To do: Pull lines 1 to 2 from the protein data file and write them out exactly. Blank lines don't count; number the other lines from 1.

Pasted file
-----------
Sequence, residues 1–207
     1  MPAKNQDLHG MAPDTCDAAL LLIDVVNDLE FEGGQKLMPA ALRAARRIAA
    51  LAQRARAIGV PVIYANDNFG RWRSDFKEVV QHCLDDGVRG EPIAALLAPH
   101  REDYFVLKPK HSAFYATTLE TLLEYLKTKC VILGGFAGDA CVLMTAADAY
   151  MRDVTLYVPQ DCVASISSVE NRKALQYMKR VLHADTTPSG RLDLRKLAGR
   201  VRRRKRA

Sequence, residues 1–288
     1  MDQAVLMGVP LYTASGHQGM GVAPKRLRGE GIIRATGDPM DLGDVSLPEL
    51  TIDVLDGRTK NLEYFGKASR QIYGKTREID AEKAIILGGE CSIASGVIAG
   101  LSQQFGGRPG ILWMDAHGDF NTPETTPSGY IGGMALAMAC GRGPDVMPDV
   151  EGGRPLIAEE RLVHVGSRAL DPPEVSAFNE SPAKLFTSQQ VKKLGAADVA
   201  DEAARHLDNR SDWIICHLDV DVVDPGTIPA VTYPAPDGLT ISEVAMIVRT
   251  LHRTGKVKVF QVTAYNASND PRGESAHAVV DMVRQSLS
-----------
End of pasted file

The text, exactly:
Sequence, residues 1–207
     1  MPAKNQDLHG MAPDTCDAAL LLIDVVNDLE FEGGQKLMPA ALRAARRIAA